Life on Matagorda Island
From most people’s point of view, a barrier beach is a paradox: appealing to visit but appalling to live on. An enjoyable day’s excursion requires shade, dark glasses, sunblock, drinking water, food, and, of course, a shower afterward. Take all those amenities away and consider existing alone on the island fulltime, even during hurricanes.
When Wayne and Martha McAlister moved to Matagorda Island, a wildlife refuge off the central Texas coast, they anticipated staying perhaps five years. But sent to take up duties with the U.S. Fish and Wildlife Service, Wayne McAlister fell under the island’s spell the moment he stepped out of his aging house trailer and met his first Matagorda rattlesnake. Seven years later, the McAlisters were still observing the flora and fauna of Matagorda. Except for the road and some occasional fence posts, the island appears untouched by humans. In Life on Matagorda Island, Wayne McAlister shows what life was like amid such isolation.
McAlister revels in the ghostly twinkles of nights on the beach, as luminescent comb jellies, sea walnuts, and glow worms light up every crest of wave. He watches hungry whooping cranes snatch striped mullet trapped in tidal pools; hunts for Hurter’s spadefoots, reclusive amphibians that surface during warm deluges; and sinks to his knees in the sand, flashlight in hand, to catch a glimpse of a whip eel’s sharp snout.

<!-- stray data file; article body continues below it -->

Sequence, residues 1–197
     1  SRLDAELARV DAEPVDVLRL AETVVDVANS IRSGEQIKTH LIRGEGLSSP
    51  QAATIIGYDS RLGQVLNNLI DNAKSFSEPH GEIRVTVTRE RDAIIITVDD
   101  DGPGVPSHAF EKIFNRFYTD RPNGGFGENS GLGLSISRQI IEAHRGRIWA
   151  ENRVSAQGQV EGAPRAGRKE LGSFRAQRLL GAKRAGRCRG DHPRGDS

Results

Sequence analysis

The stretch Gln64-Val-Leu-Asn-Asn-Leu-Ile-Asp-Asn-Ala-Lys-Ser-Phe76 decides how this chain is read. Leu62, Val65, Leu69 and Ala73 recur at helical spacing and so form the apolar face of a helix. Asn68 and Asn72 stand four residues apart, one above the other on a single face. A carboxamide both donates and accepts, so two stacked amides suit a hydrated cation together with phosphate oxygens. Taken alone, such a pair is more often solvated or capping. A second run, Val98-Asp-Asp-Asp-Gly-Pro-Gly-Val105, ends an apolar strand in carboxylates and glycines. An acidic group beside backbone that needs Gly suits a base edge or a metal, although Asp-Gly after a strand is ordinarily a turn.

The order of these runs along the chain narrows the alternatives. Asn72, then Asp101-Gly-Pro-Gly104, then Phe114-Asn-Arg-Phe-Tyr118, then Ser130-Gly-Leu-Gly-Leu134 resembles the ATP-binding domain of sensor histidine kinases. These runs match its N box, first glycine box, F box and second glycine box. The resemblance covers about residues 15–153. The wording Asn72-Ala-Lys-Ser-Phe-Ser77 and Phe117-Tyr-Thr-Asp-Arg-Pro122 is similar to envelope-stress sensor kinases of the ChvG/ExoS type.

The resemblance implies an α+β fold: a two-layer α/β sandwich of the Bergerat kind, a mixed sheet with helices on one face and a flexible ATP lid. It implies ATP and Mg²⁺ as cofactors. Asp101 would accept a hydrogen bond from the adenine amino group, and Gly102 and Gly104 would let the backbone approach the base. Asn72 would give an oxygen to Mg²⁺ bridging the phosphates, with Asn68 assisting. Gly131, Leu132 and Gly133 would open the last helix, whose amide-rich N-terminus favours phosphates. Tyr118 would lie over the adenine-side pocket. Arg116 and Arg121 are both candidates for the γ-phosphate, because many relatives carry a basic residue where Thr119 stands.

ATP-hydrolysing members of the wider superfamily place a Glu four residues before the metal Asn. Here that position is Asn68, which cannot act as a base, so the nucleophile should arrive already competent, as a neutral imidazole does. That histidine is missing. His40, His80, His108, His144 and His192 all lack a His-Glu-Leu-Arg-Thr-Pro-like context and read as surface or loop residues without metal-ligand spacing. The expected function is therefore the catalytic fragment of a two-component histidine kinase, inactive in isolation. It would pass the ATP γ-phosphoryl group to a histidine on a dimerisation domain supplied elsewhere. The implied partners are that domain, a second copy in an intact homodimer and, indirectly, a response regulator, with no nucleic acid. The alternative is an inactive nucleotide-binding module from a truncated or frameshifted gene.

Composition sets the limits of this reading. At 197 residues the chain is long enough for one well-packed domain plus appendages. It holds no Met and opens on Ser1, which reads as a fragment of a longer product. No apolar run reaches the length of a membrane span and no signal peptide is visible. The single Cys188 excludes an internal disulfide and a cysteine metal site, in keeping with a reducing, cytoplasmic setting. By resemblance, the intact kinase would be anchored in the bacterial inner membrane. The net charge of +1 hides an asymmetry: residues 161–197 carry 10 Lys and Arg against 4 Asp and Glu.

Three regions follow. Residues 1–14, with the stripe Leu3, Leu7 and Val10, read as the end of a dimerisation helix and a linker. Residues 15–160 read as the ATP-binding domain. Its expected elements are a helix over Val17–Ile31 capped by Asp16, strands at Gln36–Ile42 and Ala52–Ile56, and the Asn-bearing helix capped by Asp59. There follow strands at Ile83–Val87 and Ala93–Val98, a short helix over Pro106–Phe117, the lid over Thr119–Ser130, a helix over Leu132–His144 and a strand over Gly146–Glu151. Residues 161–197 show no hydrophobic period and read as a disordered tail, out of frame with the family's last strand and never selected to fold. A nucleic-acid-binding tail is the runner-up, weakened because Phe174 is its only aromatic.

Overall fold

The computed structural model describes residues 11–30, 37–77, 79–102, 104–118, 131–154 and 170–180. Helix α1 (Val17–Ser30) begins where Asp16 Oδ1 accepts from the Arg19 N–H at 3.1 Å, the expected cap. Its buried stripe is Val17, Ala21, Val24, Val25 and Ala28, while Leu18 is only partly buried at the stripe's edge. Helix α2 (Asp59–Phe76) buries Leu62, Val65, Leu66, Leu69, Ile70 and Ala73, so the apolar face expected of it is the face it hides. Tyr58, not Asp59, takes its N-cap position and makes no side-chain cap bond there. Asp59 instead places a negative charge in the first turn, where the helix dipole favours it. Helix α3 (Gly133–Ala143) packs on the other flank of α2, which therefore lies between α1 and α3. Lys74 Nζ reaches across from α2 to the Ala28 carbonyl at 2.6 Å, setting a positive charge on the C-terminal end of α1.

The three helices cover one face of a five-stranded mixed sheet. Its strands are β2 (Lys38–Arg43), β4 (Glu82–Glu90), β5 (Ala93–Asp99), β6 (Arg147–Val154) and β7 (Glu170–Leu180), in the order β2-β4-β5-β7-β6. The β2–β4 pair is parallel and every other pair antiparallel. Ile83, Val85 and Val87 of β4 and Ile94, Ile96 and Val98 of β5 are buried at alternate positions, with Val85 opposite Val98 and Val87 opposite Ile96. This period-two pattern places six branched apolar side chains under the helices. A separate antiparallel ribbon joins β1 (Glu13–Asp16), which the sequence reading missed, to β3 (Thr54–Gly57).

Not all observations are limited to the psammobionts—the creatures of the sand. McAlister recounts petting a fatbellied coyote pup and handing out kitchen scraps to wild turkeys. Badgers make their home on Matagorda Island, as do alligators, raccoons, and hundreds of varieties of insects, including the aggravating salt marsh mosquito.
But McAlister doesn’t merely observe: he tells why and how. Why oysters spit, why pistol shrimp snap, or how debris from offshore boats affects the beach environment. He also relates the more sinister aspects of living on a barrier island, such as finding himself ankledeep in quicksand. But it’s all in a day’s work—or play—to the McAlisters, as they balance their lifestyle with the will of the island and its nonhuman inhabitants.
“We try to stay in the background, enthralled observers,” McAlister writes. “We do not belong, can never truly belong, but we can coexist and commingle. Close enough.”
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Living on the Edge
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